World Series Game 2: How key moments impact the rest of the Series
On a night when the New York Mets had the "deGrominator" -- ace starting pitcher Jacob deGrom -- on the mound, it was the Kansas City Royals and Johnny Cueto who instead dominated Game 2 of the 2015 World Series with a 7-1 win on Wednesday.
The Royals lead the Series two games to none, with the scene shifting to Citi Field in Flushing, Queens on Friday evening. Let's delve inside some key moments from Game 2, and look ahead to what they mean for each team going forward.
Momentum is only as good as your next starting pitcher
This age-old adage seemed to bode well for the Mets prior to Game 2, even after their crushing loss in Game 1. Cueto was awful in his only start of the American League Championship Series against the Toronto Blue Jays, and deGrom was undefeated this postseason prior to Wednesday night. Yet after pitching three hitless innings to begin the game, deGrom ran out of gas. Meanwhile, Cueto returned to the form that saw him win the clinching game of the AL Division Series against the Houston Astros.
Duda's shifty ways
In Game 1, the FOX broadcast team made it a point to highlight whenever the Mets scratched out a hit against Kansas City's shifted infield defense. First baseman Lucas Duda picked up on that strategy Wednesday, and notched the lone two New York hits off of Cueto. In his first at-bat, the pull-hitting lefty legged out an infield hit to the left side, where only Royals third baseman Mike Moustakas was stationed. He then tallied an RBI single in the fourth inning by blooping a ball between Moustakas and left fielder Alex Gordon. Many MLB teams have struggled to make waves against the more intricate defensive alignments of the past several years, and Duda's lesson could be valuable for some of the Mets' more one-dimensional hitters to learn.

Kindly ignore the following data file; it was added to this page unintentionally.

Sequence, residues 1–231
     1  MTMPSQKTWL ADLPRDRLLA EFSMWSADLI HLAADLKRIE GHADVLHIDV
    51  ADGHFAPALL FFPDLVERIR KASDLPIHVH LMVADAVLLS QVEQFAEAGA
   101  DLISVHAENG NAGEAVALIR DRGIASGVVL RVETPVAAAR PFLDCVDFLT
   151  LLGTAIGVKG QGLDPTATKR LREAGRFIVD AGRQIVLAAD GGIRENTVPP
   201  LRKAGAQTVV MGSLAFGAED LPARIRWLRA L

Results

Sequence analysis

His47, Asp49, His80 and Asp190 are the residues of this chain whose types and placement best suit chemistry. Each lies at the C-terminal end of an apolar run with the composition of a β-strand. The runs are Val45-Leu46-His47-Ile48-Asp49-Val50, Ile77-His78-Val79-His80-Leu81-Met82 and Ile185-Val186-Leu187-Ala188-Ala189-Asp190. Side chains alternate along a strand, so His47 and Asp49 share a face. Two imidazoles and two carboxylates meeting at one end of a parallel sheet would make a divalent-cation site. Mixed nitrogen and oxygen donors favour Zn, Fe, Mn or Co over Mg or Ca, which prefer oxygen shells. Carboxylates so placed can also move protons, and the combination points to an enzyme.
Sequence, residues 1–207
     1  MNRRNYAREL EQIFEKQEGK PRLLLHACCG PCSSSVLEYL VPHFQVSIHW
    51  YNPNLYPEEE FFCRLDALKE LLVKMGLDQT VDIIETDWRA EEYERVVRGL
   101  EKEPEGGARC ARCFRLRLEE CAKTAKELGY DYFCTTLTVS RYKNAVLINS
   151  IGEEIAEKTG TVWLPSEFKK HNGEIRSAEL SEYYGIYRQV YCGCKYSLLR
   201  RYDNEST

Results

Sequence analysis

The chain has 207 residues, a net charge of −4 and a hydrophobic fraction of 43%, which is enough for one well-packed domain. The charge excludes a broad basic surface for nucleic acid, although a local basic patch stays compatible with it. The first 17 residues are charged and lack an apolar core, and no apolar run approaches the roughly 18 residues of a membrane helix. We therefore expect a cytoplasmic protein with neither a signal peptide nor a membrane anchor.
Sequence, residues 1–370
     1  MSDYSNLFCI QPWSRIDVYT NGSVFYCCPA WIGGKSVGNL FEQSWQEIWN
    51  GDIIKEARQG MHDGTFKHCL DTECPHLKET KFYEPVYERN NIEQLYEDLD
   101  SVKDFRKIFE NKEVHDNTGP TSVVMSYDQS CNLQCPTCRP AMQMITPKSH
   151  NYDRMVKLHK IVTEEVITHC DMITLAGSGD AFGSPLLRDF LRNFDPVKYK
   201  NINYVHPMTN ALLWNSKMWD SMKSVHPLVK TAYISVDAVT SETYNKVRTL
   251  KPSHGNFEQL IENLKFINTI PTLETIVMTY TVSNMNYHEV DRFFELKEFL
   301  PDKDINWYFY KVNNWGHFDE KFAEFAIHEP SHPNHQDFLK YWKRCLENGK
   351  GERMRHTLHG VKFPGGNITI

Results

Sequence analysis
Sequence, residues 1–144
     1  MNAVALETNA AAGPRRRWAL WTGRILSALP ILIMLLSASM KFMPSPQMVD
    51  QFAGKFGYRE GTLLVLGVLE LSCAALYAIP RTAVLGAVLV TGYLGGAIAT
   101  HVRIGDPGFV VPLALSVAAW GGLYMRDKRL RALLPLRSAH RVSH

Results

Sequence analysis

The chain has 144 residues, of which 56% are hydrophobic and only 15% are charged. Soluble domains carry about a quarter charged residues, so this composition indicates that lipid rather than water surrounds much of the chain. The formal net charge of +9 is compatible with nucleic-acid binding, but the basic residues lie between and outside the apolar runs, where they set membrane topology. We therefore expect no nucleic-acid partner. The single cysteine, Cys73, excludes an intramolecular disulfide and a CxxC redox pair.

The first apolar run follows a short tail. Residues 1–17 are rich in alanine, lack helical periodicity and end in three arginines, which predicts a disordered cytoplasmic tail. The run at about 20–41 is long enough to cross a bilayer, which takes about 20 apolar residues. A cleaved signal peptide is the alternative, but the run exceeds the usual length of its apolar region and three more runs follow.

Royals "keep the line moving" in the fifth
That's been the mantra for the AL champions all season long. In this era of the so-called three true outcomes (strikeout, walk, or home run), the Royals have bucked the game's offensive trend and thrived as skilled, situational contact hitters. Never was that more apparent than in the bottom of the fifth inning Wednesday, when deGrom was done in by a walk and five singles which produced four runs -- three of those singles, and the tiebreaking three runs, coming with two outs. It's tough for any pitching staff to stop, even one as dynamic as the Mets.
Cueto, the hired gun, starts slinging
This is why the Royals acquired Cueto from the Cincinnati Reds in July: because of his ability to take over a game before his opponent can blink. After Duda's run-scoring single in the fourth gave the Mets the lead, the animated right-hander retired 15 straight Mets while Kansas City racked up seven unanswered runs. Cueto finally allowed another baserunner in the ninth, but the game was already decided at that point. The Mets simply don't have the lineup depth to keep up if they go hitless for five innings.
A must-win on Friday (unless you like matching Sox)
Back to that momentum thing: New York will throw rookie Noah Syndergaard at home Friday night, and the Royals plan to counter with the talented but inconsistent Yordano Ventura. If the Mets lose, they'll trail the series three games to none. As almost all baseball fans are aware, only one team in MLB history has rallied to win a best-of-seven playoff series after going down 3-0: the 2004 Red Sox, who came back to beat the Yankees in a classic ALCS.
The Mets have now trailed 2-0 in each of the last three World Series they've played...including 1986, when they eventually took home the title.
Patrick Lavery is New Jersey 101.5's evening news anchor. He was born six months after the Mets last won the World Series. Follow him on Twitter @plavery1015, email firstname.lastname@example.org, and listen for his live reports Monday through Thursday nights between 6:30 and 11 p.m.